A fundamental challenge of human interaction with socially interactive robots, compared to other interactive products, comes from them being embodied. The embodied nature of social robots questions to what degree humans can interact ‘naturally' with robots, and what impact the interaction quality has on the user experience (UX). UX is fundamentally about emotions that arise and form in humans through the use of technology in a particular situation. This chapter aims to contribute to the field of human-robot interaction (HRI) by addressing, in further detail, the role and relevance of embodied cognition for human social interaction, and consequently what role embodiment can play in HRI, especially for socially interactive robots. Furthermore, some challenges for socially embodied interaction between humans and socially interactive robots are outlined and possible directions for future research are presented. It is concluded that the body is of crucial importance in understanding emotion and cognition in general, and, in particular, for a positive user experience to emerge when interacting with socially interactive robots.

  • 26.
    Lindblom, Jessica
    et al.
    University of Skövde, School of Informatics. University of Skövde, The Informatics Research Centre.
    Alklind Taylor, Anna-Sofia
    University of Skövde, School of Informatics. University of Skövde, The Informatics Research Centre.
    Att främja studenternas förberedelser inför yrkeslivet2016In: NU2016 Högskolan i samhället - samhället i högskolan, 2016, article id 1.3.3Conference paper (Refereed)
    Abstract [sv]

    Högskoleförordningens krav på att studenter ska kunna identifiera sitt kompetensbehov och behov av ytterligare kunskap tenderar att hamna i skymundan inom högre utbildning. Vi har infört ett examinationsmoment som syftar till att förbereda studenterna inför sin yrkesverksamhet och som var relativt enkelt att implementera och som uppskattades av studenterna.

  • 27.
    Lindblom, Jessica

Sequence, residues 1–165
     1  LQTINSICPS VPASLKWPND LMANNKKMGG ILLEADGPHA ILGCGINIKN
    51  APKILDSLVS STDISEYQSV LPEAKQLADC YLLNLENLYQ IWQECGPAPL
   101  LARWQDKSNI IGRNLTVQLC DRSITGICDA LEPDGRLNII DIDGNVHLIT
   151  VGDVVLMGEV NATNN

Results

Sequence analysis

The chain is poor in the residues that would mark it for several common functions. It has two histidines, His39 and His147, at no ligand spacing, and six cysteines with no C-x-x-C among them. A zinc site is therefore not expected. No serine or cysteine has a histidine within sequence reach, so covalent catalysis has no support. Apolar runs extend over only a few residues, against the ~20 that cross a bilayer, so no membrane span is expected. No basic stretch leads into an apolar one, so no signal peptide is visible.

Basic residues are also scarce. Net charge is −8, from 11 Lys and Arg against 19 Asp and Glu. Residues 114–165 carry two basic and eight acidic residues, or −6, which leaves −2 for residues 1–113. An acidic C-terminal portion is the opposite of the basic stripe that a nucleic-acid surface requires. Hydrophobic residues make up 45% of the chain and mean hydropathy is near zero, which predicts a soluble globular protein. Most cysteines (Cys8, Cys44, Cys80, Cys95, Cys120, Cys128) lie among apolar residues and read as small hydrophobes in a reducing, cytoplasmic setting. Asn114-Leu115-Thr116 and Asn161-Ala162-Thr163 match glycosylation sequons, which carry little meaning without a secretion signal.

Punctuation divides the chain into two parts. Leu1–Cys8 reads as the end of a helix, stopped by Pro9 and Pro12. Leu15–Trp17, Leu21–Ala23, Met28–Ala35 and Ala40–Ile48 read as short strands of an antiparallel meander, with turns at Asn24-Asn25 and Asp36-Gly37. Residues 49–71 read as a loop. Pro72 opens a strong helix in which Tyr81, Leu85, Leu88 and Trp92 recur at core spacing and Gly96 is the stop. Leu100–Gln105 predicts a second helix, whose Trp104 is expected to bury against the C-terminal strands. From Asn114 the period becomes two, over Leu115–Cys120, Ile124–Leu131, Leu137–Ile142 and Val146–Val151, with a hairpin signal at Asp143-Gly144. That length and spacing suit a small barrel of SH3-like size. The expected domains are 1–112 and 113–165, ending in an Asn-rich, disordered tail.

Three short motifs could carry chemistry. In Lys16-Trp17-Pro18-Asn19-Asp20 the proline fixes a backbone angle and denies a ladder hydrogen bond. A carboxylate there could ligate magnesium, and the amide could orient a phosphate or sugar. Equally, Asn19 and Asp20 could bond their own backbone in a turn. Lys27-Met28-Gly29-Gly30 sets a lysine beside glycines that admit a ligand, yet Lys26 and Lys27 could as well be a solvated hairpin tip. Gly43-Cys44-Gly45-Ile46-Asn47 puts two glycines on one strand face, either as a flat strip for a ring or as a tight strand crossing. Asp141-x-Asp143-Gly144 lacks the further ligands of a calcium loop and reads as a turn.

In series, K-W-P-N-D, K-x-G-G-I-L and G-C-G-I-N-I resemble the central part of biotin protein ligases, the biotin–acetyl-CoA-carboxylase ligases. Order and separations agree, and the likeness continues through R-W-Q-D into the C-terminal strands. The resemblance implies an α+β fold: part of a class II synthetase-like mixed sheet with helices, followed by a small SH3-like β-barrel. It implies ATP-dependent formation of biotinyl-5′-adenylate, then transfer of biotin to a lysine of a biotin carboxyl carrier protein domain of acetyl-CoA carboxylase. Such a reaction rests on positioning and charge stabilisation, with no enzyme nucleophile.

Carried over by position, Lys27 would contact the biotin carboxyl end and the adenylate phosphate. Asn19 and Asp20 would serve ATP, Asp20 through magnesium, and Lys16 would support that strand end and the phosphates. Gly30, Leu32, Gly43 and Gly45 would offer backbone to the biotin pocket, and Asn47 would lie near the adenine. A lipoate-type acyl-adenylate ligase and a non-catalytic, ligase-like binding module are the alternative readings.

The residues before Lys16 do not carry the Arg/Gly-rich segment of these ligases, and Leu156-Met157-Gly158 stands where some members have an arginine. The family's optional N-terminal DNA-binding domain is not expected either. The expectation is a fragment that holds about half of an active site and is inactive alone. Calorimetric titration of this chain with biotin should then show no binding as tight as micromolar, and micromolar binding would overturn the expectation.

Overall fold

et al.
    University of Skövde, School of Informatics. University of Skövde, The Informatics Research Centre.
    Alklind Taylor, Anna-Sofia
    University of Skövde, School of Informatics. University of Skövde, The Informatics Research Centre.
    Rambusch, Jana
    University of Skövde, School of Informatics. University of Skövde, The Informatics Research Centre.
    Svensson, Henrik
    University of Skövde, School of Informatics. University of Skövde, The Informatics Research Centre.
    Fem framgångsfaktorer för utveckling av pedagogisk digital kompetens för nätbaserat lärande inom högre utbildning2012In: NU2012: Gränslöst lärande: Göteborg, 17-19 oktober, 2012, p. 188-189Conference paper (Refereed)
    Abstract [sv]

    Utbredningen av kommunikations- och IT-verktyg (IKT) i samhället influerar även undervisningen inom högre utbildning (se t.ex., Ala-Mutka, Punie & Redecker, 2008; Glenn, 2008). Olika lärplattformar har utvecklats som möjliggör skilda former av interaktion mellan lärare och studenter. En konsekvens av detta är att andelen distansstudenter kraftigt ökat de senaste åren. Förutom de möjligheter och begränsningar som de nya tekniska verktygen erbjuder för nätbaserat lärande, behövs det även nya kunskaper hos den undervisande universitetsläraren och behovet av en god pedagogisk digital kompetens blir därmed aktuellt (EUT, 2006; Glenn, 2008; Krumsvik, 2008).